Gasworks Jetty

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The Southend Gas Works Jetty was built in 1895 despite the fact that Southend Council had refused planning permission demanding it needed be re-designed, the gas board went ahead and built it anyway. The Gas Company got around the refusal by building the pier in Southchurch which at the time had not been absorbed into Southend, this happened two years later in 1897 by which time the pier was up and operating. At the time of the refusal the Gas Company was richer than the new council which had only been formed in 1882. The Gas Company took Southend Councils request about a design change in to mind when they built the structure, the newly re- designed pier had a unique feature to its design, one that stuck two fingers up at the Council, it was built with a kink in it to represent the boundary kink between Southend and Southchurch! The Gas Works Jetty was an iron and wood pier that straddled the Eastern Esplanade road into the gas works site. The pier operated until the closure of the gas works site in 1968, this saw the rapid demolition of the jetty and gasworks site. The 5 hectare gas works site itself laid empty and unused for 36 years. In August 2004 work commenced on cleansing of the site, it had previously been considered uneconomical to use the land because of the high level of contamination of hydrocarbons and heavy metals on the site. Further investigation also found that much of the underground facilities were still in-situ including gas tanks and feeder pipes, the original hard standings were also discovered to be heavily contaminated. The clean up project included, the removal of the tanks and pipes, the removal cleaning and replenishment of contaminated soil etc. A total of some 15,000 cubic meters of soil was cleaned and re-used on the site. Once this was completed plans were given the go- ahead for the site to be re-developed.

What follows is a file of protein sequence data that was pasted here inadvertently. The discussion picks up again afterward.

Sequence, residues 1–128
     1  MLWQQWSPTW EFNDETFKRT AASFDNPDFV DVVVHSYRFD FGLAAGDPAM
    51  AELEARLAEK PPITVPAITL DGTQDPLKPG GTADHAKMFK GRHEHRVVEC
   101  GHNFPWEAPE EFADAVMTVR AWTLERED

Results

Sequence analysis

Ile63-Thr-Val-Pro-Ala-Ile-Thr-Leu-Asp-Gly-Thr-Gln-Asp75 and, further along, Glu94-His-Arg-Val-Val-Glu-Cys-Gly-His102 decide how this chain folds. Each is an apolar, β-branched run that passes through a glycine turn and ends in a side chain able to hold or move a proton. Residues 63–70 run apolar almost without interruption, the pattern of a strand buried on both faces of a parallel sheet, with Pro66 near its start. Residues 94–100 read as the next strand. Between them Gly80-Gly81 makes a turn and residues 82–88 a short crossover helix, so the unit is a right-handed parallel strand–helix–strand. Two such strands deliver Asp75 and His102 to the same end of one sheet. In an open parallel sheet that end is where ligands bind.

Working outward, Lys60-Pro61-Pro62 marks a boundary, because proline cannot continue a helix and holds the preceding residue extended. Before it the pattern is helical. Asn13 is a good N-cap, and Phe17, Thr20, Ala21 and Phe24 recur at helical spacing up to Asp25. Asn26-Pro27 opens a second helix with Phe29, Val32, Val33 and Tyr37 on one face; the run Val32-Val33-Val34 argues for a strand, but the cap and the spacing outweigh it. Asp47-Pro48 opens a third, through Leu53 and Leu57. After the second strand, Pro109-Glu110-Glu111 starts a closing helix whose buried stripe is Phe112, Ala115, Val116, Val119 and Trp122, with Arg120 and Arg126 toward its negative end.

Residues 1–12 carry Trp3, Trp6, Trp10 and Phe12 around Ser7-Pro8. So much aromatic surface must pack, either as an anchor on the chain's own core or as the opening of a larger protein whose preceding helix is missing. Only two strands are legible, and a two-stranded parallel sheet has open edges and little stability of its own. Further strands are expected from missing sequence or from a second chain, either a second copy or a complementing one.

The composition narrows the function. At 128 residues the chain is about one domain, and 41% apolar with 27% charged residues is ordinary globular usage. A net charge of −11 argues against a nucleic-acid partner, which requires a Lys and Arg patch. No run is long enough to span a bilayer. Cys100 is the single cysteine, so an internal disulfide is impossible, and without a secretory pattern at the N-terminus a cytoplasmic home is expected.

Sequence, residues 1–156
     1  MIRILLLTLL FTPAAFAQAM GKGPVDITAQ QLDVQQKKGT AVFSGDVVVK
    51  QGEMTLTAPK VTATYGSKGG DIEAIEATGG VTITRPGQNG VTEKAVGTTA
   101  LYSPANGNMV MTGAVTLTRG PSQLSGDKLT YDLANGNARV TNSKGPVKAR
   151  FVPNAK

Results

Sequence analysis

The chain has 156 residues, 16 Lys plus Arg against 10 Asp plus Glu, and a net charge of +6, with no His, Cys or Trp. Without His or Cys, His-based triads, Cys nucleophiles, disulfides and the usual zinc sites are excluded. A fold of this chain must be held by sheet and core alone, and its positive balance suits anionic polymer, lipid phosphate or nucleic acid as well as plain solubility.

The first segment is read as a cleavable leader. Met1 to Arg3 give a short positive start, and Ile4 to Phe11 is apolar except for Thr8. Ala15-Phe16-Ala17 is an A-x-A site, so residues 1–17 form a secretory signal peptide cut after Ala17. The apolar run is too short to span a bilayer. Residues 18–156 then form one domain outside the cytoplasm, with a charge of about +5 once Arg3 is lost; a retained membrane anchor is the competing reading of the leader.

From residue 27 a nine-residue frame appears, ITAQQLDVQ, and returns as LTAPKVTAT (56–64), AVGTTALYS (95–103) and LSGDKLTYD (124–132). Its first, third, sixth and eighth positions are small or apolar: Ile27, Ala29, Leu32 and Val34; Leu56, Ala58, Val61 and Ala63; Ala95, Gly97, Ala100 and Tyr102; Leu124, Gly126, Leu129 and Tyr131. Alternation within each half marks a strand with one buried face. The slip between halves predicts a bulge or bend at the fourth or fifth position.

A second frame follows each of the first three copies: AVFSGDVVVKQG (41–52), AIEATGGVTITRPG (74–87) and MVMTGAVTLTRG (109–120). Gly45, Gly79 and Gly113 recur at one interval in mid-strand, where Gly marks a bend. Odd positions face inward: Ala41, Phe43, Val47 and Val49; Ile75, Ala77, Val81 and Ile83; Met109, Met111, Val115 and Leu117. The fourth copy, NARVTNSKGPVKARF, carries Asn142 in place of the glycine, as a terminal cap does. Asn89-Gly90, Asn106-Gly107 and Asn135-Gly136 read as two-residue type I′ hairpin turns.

Diagram of the Gas Works Jetty
2 x Photos of the Gasworks Jetty in operation
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